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Ransomware attacks becoming more frequent | #ransomware | #cybercrime


MAIDTONE, KENT, UK.  — Ransomware attackers have been targeting the food, beverage and agriculture industries in recent years. From 2018 to May 2023, about 157 businesses were known to have been hit by the attacks, according to a Comparitech study, and 696,832 individual records were breached.

Maple Leaf Foods, Inc., Toronto, and JBS USA, Greeley, Colo., have been attacked during the past few years. The most pressing problem these companies face is downtime, which caused around $1.36 billion in downtime losses.

Indeed, following a cyberattack that occurred at Maple Leaf Foods in November 2022, the company had to find “manual workarounds” to keep operations going.

“A ransomware attack can cause around a week (of) downtime, therefore a weeks’ worth of revenue loss is huge,” said Rebecca Moody, head of research at Comparitech, a company focused on helping businesses improve cybersecurity.

The food and beverage industry has seen an uptick, in particular food processing, in attacks over the past year because of the disruption it causes to the manufacturing processes.

“I think what it boils down to with the food and beverage industry (is) it’s not so much about the data, but with the industry is you’ve got customers to serve, manufacturing processes, (and) you need to fulfill orders,” Ms. Moody said. “Once they (attackers) encrypt the systems, you go down immediately and your business stops, money stops coming in. So the quickest way to get yourself out of it is to pay the ransom. I think that’s the primary focus within this industry is to cause massive disruption.”

Downtime from attacks may be between a couple of hours of disruption or seven months of systems not being at full capacity, according to the study. The study also stated the average downtime from attacks increased dramatically in 2021 with over 11.5 days lost on average.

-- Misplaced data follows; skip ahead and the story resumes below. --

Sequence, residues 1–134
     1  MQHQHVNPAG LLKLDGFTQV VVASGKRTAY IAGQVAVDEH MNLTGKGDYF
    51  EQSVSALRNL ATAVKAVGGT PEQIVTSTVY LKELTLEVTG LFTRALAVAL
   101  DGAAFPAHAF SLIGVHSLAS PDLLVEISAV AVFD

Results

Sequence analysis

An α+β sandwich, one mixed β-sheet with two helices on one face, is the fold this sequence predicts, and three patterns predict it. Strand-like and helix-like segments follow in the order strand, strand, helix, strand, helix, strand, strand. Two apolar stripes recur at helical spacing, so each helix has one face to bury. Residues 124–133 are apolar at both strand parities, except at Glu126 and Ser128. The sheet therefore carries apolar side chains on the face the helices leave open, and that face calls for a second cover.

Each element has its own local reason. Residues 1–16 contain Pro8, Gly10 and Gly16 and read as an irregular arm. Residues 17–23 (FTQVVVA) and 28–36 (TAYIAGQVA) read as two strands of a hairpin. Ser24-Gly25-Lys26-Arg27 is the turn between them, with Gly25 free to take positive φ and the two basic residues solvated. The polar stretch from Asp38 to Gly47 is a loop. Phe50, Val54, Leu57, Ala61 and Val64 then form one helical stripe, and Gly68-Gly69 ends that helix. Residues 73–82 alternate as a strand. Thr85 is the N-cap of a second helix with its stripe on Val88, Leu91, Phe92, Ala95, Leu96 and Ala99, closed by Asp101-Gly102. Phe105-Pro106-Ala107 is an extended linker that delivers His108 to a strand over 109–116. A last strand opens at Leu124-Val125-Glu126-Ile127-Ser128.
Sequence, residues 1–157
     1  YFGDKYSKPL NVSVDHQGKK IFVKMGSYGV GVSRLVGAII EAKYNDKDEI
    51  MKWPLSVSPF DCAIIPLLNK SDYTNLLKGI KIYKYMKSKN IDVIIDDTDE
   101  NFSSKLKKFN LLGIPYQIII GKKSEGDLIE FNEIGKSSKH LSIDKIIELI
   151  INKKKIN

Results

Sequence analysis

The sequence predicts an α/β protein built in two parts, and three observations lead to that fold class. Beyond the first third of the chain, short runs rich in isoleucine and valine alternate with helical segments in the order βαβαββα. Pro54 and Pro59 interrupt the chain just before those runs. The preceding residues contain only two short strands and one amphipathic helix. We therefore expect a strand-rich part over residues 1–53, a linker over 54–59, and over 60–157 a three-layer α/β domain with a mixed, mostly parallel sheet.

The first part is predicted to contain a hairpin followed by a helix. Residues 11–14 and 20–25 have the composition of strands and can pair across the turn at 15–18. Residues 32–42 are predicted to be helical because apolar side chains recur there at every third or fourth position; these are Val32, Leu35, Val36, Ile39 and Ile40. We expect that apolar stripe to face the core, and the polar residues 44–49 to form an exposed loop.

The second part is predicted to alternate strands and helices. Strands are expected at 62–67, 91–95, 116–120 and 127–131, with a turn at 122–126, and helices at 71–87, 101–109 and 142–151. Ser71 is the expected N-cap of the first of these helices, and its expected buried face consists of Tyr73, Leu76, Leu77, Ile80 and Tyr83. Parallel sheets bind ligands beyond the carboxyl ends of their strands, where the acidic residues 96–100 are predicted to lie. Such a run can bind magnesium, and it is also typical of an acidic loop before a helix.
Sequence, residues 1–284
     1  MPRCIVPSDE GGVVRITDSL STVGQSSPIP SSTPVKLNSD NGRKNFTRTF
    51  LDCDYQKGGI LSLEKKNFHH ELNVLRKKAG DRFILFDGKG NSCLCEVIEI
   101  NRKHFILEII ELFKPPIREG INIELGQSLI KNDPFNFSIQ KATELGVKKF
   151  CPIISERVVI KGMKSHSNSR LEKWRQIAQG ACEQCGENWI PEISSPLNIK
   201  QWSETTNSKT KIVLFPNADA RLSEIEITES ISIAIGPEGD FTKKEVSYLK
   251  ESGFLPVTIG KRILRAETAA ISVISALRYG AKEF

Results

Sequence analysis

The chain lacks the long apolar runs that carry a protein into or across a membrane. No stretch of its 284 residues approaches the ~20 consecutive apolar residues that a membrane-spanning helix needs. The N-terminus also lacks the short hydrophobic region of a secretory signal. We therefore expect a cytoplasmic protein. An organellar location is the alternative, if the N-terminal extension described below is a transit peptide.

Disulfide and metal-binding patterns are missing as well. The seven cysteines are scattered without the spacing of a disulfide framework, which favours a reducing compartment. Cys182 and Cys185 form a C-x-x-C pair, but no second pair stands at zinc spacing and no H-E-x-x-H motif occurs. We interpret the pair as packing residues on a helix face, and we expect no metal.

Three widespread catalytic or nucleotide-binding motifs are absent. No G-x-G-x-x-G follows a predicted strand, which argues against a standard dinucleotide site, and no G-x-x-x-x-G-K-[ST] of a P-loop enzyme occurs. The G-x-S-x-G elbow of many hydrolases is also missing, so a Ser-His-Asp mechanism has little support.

Attacks may come in various forms, like system encryption and “leakware”, but phishing emails are the most common.

“Employees will get an email that has a link in it and (if opened) releases the ransomware into the system,” Ms. Moody said.

She added there are a few things employees can look for in a phishing email, which may help prevent an attack.

“Poor spelling, it’s not a personalized email, you don’t recognize who it’s from, and if it includes a link,” she said. “When in doubt, always send it to the IT department.”

A USB device also may cause damage to a company’s system.

“A USB is a new device to your computer, and you should be careful that it doesn’t transfer things onto your device, especially now that people are working from home,” Ms. Moody said. “It’s basically check, check, and check again to be overly cautious.”

To combat ransomware attacks, companies can provide training for employees.

“Start with the basics,” Ms. Moody said. “Making sure everyone knows what it is and how it works, what the risks are and how employees will get targeted.”

Keeping systems up to date is another way to prevent attacks.

“Making sure you have the nicest fire walls, the latest software, and keeping the IT department up to speed on trends,” Ms. Moody said.

Companies that have been hit may often not disclose they have been a target of ransomware attacks, but Ms. Moody believes there needs to be more conversation around the topic.

“I think people don’t want to say it happened because they might get targeted again, but awareness is key to helping other people and if we talk about it, it might help other companies,” she said.



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